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HICKORY SYRUP . . . RICHES TO RAGS? FOOD & COOKING ARTICLE

(A long time ago now I was contacted by Gordon Jones of Hickoryworks Inc to ask whether I would put a link to their Hickory Syrup website on Hub-UK. When I had a look at their website I was fascinated by the story that was hidden amongst the web pages - giving up the Florida sunshine and their jobs for an unknown future. This is the brief story Gordon has sent me - if you have any questions you will find their web address and email address at the end of the article).

After a freak Florida ice storm littered the yard of their Palm Beach Florida abode, crackling as they were trod upon, Gordon Jones lamented to his wife Sherrie Yarling that he missed the changes in the seasons that he grew to love during his boyhood in the Northwest.

Sherrie mentioned that she too missed the sight of the changing leaves but wasn’t to keen on the February chill. She said the 64 acre lake site property in Brown County, Indiana, that her father and some of his college buddies had purchased while attending Indiana University, sat fallow since her return from Europe, and no family member had indicated any interest in building on the site.

The couple started making plans to bag the business world. Sherrie had been a paralegal aid for some seventeen years and Gordon had (as his father-in-law said) done just about everything - Real Estate., Publishing, Advertising, Media Sales and the Restaurant business.

Plans completed, the couple moved North and began clearing a home site on the property.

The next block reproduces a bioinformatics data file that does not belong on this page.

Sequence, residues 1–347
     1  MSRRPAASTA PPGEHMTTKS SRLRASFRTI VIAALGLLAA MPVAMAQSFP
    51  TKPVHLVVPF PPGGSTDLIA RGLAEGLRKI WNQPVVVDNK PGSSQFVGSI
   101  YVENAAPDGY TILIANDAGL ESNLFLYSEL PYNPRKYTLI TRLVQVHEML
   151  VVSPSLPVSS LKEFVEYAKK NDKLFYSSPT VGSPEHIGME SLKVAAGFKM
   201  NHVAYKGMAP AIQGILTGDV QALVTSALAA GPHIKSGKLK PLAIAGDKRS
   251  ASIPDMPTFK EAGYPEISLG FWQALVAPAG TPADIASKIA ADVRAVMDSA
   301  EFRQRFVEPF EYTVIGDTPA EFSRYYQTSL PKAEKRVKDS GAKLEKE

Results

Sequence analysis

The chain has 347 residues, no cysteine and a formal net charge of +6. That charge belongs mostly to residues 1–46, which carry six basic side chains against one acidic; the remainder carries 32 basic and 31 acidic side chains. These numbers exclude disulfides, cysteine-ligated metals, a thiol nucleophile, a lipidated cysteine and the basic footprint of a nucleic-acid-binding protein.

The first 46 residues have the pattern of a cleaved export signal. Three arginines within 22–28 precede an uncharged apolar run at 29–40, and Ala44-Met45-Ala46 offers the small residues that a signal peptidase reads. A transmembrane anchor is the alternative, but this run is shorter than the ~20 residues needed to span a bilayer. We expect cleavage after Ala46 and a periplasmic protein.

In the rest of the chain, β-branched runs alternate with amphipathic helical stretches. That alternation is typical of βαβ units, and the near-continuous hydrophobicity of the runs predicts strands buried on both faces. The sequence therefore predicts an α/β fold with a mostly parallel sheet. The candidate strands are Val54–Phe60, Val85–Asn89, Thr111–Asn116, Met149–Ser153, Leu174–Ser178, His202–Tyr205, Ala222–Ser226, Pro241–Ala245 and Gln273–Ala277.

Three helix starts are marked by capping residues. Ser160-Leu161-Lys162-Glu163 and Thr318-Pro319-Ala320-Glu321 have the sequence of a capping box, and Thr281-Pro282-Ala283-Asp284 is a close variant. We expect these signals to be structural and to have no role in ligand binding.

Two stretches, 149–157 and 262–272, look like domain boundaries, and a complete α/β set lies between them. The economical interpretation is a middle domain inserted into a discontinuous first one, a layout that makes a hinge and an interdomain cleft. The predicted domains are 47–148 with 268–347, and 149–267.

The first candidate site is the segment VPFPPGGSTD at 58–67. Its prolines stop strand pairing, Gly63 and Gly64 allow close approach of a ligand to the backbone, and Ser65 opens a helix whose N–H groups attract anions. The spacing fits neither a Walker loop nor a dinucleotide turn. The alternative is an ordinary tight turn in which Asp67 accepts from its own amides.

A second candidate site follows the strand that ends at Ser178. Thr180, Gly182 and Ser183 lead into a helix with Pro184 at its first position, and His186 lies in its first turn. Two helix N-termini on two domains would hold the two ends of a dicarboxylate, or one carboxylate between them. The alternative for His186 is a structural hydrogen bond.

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Prior to the move, Gordon had researched the possibility of growing Shiitake mushrooms, and the latitude of the property mirrored the climate of the region in Japan that grew this gourmet fungi.

The 64 acre property had been clear cut at the turn of the century, and there had been no stewardship since.

Poplar, Ash, Hickory and Oak stands were plentiful and Gordon’s research had indicated that red, black and white oak were three of the most sought after hardwoods for the cultivation of the shiitake.

After several years of providing upscale Indianapolis restaurants with their mushrooms, the number of logs in their run, needed replenishing, as the inoculated logs produce their bounty they consume the nutrients in their host and new logs need to be inoculated and added to the run.

As usual, the couple dropped several mature black and red oaks on the property, and began trimming the thicker branches and cutting them into four foot lengths.

One afternoon, an elderly gentleman drove up in a vintage pickup truck and asked if he could purchase some of the larger logs for fire wood. The two men agreed on a fair price and the elder gentleman returned some hours later with his helpers, who began splitting and loading the wood into the truck.

As the two older men watched the youngsters work, the older man walked over to a shagbark hickory tree and stripped off a small piece of bark, stating that his Great-Great Grandmother had made a syrup from the bark when he was growing up in Brown County.